#5  
Old 06-15-19, 07:36 AM
Member
Join Date: Jun 2018
Location: USA
Posts: 41
Upvotes Received: 1
You may not have a problem. There should be a motor speed tap on both the heat and cool positions on your circuit board. Generally heat is a lower speed and cooling is a higher speed. One of wires in the park position should be used. Post a pic of your furnace wiring diagram so we can figure out what speed(s) you are operating at.
 
  #6  
Old 06-15-19, 08:24 AM
Member
Thread Starter
Join Date: Jun 2019
Location: USA Los Angeles
Posts: 5
Thanks. The thought did cross my mind that logically, you would think that the board would energize the heat prong for heat, and the cool for cool. But I do distinctly remember thinking how odd it was that there was only a wire on heat, the first time I saw this. Right now, the wire is moved to cool, so I can use the AC. It was originally on heat, and no AC blower as mentioned. Maybe one of the "parks" belongs on heat or cool?

Name:  f1.jpg
Views: 30
Size:  50.9 KB
 

Last edited by PJmax; 06-15-19 at 08:30 AM. Reason: resized picture
  #7  
Old 06-15-19, 08:37 AM
PJmax's Avatar
Group Moderator
Join Date: Oct 2012
Location: Northern NJ - USA
Posts: 51,389
Upvotes Received: 208
Welcome to the forums.

All the pictures and diagrams you originally posted are only for the outside condenser.
I will remove the ones that aren't needed for this thread.

You have a three speed blower.
Black = high speed
Blue = medium speed
Red = low speed.

Park is just a place to keep unused wires so that they don't short out.
Keep the black on cooling and put the blue on heat.

The fan speed chosen for heat is usually selected by test measurements done when the furnace is installed. The blue wire on heat is a safe bet.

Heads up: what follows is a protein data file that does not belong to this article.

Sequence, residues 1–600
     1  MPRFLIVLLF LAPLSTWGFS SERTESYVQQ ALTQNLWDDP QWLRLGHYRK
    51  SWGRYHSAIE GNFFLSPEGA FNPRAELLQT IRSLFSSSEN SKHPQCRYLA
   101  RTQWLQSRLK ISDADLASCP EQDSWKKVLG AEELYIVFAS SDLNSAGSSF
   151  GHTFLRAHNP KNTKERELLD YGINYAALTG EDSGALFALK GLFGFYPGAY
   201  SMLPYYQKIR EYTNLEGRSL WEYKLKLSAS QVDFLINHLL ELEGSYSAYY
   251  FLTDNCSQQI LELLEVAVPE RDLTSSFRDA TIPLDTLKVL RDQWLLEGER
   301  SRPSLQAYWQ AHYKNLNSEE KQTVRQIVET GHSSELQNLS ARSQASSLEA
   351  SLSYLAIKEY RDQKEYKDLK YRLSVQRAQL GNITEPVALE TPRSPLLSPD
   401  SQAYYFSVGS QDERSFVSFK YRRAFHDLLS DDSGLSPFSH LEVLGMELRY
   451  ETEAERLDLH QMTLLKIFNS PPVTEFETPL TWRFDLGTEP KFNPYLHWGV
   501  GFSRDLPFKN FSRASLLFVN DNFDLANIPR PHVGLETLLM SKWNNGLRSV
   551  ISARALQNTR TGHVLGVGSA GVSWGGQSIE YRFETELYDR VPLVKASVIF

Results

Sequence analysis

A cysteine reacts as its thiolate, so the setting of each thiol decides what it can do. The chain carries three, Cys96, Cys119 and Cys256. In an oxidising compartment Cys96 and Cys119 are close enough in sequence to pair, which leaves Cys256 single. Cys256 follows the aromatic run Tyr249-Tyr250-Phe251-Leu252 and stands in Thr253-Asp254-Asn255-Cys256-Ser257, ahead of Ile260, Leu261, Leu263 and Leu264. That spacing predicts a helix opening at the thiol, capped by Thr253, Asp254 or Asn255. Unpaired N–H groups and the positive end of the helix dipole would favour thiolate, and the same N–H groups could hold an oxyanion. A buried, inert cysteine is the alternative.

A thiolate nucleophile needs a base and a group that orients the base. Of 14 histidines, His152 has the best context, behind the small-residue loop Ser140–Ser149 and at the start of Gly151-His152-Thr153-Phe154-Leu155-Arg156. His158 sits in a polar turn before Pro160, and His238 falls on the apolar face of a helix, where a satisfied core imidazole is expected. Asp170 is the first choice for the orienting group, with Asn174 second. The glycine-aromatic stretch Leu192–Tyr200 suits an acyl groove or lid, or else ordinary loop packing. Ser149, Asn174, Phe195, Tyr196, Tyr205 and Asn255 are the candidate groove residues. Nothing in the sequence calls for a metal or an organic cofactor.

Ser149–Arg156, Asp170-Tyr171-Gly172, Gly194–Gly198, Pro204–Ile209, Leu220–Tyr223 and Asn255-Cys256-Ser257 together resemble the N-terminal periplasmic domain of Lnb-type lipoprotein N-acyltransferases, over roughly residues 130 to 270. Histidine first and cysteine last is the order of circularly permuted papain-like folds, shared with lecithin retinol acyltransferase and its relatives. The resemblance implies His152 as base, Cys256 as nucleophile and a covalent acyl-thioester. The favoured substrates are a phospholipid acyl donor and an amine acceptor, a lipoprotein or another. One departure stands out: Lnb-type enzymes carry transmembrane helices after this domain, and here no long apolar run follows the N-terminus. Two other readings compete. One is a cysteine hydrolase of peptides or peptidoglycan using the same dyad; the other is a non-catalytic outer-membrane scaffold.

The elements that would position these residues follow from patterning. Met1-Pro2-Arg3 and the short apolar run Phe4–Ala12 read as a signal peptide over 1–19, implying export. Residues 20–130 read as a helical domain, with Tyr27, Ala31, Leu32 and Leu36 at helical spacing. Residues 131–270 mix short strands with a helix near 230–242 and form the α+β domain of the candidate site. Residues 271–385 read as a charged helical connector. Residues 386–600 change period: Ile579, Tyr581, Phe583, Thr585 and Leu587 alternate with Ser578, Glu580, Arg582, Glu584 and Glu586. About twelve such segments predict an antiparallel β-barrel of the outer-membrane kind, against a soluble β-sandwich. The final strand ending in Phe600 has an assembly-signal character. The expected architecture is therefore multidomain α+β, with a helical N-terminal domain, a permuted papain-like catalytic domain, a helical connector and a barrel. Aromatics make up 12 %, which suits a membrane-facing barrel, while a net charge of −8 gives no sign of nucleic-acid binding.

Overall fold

#8  
Old 06-15-19, 09:33 AM
Member
Thread Starter
Join Date: Jun 2019
Location: USA Los Angeles
Posts: 5
OK, I appreciate this. Getting back to the premature failures in heat mode, where the blower was staying on after the thermostat tried to shut it off, could this be because the blue wire should have been used on heat all along? Is there more draw from black, or does that circuit function more as a relay or solenoid, and not have any real extra amp draw.
 
  #9  
Old 06-15-19, 11:22 AM
PJmax's Avatar
Group Moderator
Join Date: Oct 2012
Location: Northern NJ - USA
Posts: 51,389
Upvotes Received: 208
In heat mode..... the thermostat has no control over the blower. When the heat is called for..... it starts a timer in that board and that timer activates a relay to start the blower in heat mode. When the heat call ends.... the timer starts again and turns off the blower.

There are variations on these boards. On some activating the R to G terminal turns the fan on to the cool mode. This is the most common, While on others it turns the fan on to heat mode.

The relays on the board are the same size so what speed is connected to which terminal is not a concern. Quite possibly you had a limit control problem on your furnace. That would keep the blower running after the call for heat.
 
57TinkerMan voted this post as helpful.
Reply

Posting Rules
You may not post new threads
You may not post replies
You may not post attachments
You may not edit your posts

BB code is On
Smilies are On
[IMG] code is On
HTML code is Off
Trackbacks are Off
Pingbacks are Off
Refbacks are Off


Thread Tools
Search this Thread
Display Modes